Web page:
28 Days of Black Excellence: Al Riley

28 Days of Black Excellence
28 Days of Black Excellence
28 Days of Black Excellence: Al Riley

“I use both my personal background, but also what I learned at UIC, to help me be able to kick some people in the rear and get them to understand that all of the areas of our metropolitan area should be equal and be equally treated.”

Al Riley


Al Riley, a former State Representative of the 38ᵗʰ District of Illinois, was influential in facilitating mass transit and infrastructure improvements in the state ranging from major projects on the Interstate 57/294 interchange and Illinois-Indiana Expressway to new rail cars for the Metra Electric line. He also passed a resolution to encourage the Chicago Transit Authority to build the Red Line Extension from Chicago to the south suburbs and helped to change the State Procurement Code to make it more inclusive to minority vendors. An alumnus of UIC, Riley has a Master of Urban Policy degree.

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Tariq El-Amin  00:01
Welcome to Black Excellence at UIC Office of Diversity, Equity and Engagement with Dr. Aisha El-Amin

Recording of Dr. Martin Luther King  00:09
[Applause] Believe in yourself and believe that you’re somebody.

Clips from 1995 movie “Panther”  00:17
That we study and master a bunch of different things.
Why are you here? 
Study and master a bunch of different things.
I’m proud to introduce our new Minister of Information

Aisha El-Amin  00:26
I’m Dr. Aisha El-Amin

Tariq El-Amin  00:29
Welcome to Black Excellence.

Aisha El-Amin 0:34
Greetings UIC family and friends and welcome to UIC’s “28 Days of Black Excellence.” I am Dr. Aisha El-Amin, UIC’s associate vice chancellor for equity and belonging. And it is my great honor to celebrate the history of Black excellence at UIC with some powerful, inspiring and informative conversations with UIC’s alumni, some of our faculty and staff from the past as well. So each day we have a new guest. And I am excited to welcome our guest today, Mr. Al Riley, who graduated in urban planning before it was urban planning and public, you know, our current name, public administration, it was just urban planning. He has a history there. He just schooled me a bit even before we started. He came out in 1978 and has done some phenomenal things in the world. And we like to just kind of hear what you’ve been up to. Kind of know a little bit about you, your background, where you’re from and what you’ve been doing since ’78 and leaving UIC.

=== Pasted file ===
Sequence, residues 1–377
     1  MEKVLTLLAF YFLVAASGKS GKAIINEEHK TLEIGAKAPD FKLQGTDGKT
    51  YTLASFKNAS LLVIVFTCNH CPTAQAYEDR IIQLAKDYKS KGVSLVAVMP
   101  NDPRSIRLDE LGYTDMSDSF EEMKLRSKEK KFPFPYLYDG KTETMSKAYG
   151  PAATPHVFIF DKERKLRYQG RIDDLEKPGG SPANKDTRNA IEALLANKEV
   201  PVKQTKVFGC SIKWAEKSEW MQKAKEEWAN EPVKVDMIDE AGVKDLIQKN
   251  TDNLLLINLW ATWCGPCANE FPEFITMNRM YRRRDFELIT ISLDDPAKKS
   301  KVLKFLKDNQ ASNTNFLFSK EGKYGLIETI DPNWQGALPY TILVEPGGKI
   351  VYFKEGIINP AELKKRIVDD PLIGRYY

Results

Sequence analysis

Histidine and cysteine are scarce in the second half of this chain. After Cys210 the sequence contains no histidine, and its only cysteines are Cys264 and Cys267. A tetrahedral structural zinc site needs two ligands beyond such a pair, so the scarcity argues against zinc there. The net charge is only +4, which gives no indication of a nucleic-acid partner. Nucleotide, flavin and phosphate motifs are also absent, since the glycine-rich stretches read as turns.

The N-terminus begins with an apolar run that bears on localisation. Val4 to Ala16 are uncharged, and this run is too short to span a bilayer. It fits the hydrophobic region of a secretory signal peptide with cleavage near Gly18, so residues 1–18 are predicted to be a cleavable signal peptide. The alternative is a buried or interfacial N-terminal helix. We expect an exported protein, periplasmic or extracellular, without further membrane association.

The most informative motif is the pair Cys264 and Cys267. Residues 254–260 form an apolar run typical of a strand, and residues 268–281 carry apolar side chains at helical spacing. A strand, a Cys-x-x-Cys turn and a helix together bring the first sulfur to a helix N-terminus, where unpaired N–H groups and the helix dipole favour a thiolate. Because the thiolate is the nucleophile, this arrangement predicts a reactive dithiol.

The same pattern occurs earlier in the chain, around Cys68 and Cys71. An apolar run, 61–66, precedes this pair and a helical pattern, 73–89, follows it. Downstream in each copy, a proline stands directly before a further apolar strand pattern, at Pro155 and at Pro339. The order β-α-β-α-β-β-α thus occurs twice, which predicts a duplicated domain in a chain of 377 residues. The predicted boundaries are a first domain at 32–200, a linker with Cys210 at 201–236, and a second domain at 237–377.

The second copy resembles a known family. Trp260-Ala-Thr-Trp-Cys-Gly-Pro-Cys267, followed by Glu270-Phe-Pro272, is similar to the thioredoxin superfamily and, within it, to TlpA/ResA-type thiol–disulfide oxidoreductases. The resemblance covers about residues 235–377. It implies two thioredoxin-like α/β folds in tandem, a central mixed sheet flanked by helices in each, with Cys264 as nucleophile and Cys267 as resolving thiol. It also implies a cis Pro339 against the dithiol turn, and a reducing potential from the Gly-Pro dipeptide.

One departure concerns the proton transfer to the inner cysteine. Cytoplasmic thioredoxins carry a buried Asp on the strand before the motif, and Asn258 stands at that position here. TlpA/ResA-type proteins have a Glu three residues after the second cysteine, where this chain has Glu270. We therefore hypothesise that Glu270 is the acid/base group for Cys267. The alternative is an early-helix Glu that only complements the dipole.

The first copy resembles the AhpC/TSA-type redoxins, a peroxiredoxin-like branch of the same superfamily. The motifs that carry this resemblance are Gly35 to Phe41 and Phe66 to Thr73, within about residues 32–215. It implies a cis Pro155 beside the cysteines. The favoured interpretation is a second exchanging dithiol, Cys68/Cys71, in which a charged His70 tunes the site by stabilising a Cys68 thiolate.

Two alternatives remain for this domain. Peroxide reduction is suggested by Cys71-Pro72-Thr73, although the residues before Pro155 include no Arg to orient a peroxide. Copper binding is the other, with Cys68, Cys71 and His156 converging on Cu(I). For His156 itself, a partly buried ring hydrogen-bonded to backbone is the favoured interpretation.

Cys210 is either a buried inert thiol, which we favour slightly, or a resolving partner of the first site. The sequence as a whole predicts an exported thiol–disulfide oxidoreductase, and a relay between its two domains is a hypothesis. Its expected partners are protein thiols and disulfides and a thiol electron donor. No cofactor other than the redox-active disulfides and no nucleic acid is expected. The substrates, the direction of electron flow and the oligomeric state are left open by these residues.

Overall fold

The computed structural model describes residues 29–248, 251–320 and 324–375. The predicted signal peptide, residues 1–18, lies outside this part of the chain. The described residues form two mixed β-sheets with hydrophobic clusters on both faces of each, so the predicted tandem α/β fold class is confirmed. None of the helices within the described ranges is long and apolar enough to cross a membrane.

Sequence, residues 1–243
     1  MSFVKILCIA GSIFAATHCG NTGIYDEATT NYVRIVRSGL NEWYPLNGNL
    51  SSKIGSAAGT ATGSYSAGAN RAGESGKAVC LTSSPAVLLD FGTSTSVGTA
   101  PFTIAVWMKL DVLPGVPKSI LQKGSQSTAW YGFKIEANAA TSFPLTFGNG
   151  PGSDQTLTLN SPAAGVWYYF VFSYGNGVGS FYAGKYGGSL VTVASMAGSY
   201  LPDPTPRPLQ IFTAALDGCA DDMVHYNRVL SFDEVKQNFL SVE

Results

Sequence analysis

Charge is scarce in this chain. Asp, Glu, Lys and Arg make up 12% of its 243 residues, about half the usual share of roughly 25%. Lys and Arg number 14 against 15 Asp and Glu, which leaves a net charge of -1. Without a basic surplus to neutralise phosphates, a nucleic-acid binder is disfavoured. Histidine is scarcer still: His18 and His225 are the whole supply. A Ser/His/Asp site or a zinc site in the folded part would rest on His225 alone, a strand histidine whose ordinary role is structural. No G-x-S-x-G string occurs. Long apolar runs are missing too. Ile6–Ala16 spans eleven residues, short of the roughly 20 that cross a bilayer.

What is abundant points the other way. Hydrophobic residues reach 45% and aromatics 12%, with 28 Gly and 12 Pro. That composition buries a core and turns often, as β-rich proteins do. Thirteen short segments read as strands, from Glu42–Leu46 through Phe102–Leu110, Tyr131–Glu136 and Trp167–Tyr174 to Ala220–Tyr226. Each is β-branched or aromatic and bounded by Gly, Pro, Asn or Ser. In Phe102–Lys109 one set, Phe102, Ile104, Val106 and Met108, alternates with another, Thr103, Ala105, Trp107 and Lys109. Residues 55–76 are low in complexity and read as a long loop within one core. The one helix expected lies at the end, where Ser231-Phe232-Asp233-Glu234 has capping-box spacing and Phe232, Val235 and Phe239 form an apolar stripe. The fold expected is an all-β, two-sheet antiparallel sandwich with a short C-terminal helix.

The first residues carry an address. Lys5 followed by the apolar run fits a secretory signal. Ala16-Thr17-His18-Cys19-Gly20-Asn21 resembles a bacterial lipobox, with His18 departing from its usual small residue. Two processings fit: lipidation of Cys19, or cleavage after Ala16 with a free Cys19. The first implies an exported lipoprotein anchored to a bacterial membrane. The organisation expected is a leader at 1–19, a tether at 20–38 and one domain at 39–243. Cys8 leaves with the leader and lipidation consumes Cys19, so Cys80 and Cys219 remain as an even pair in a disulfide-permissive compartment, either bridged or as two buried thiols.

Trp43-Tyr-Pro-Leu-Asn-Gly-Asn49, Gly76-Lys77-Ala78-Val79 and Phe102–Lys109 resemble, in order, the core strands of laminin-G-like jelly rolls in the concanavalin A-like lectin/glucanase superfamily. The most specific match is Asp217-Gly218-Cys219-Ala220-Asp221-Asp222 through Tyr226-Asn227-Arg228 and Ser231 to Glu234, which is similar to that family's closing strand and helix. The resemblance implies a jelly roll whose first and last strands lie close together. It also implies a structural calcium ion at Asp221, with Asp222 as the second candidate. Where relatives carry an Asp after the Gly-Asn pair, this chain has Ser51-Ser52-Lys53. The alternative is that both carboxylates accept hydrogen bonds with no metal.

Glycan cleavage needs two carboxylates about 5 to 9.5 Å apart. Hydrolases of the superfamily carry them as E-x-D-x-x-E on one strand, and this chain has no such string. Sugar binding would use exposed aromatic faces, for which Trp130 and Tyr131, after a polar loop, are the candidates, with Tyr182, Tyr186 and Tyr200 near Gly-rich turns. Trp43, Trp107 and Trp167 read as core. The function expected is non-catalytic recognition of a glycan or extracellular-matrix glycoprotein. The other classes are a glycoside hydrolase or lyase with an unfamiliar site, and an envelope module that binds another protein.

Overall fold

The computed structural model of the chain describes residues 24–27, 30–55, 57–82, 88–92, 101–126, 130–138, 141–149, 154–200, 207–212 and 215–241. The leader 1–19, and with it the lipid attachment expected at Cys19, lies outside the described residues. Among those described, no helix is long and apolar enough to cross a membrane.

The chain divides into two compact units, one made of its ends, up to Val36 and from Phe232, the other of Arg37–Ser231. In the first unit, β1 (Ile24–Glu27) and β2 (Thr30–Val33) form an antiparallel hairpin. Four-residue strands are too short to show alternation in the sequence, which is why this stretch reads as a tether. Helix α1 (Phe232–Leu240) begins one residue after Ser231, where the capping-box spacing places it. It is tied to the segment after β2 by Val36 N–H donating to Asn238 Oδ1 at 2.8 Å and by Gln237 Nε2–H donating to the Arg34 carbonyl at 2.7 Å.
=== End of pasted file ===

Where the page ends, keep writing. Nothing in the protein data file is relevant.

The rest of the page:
Al Riley 1:37
[Laughter] Well, thank you, and it’s good to be here. UIC will always be in my heart. It was in many ways formative with me. You know, I, when I came back from the service I worked in planning for a couple of years and decided, hey, you know, I need to go back and get that master’s degree. So I’ve had experience. Many of us at that time had experience in planning. We worked for a county or, you know, we had done something. And so it was a group of really talented people with a lot of skills. And the faculty at that time, you know, really matched. And so I really honed all of my skills during that time at UIC. And they kind of flung us out there and said, you know, do good in the world. And we we made it a good attempt to do that.

Aisha El-Amin 2:36
So, you said when you came out of military…so as a, from one veteran to another, thank you for your service. I certainly appreciate you. What branch and what was your military MOS, or military occupational specialty?

Al Riley 2:51
I was in the Army. Were you in the Army?

Aisha El-Amin 2:53
[Laughter] Yes, yes.

Al Riley 2:55
Okay, then you know what 11 bush is [laughter].

Aisha El-Amin 3:00
I was a 95 Bravo military police officer. Yes, yes.

Al Riley 3:04
Well, I was I was an 82nd airborne. And it was interesting duty. And I ended up after that being in the branches of intelligence and psychological operations and in civil affairs.

Aisha El-Amin 3:27
Wow. Wow. So are you from Chicago?

Al Riley 3:31
Yes, I am.

Aisha El-Amin 3:32
Okay. South Side? West Side?

Al Riley 3:34
West Side.

Aisha El-Amin 3:35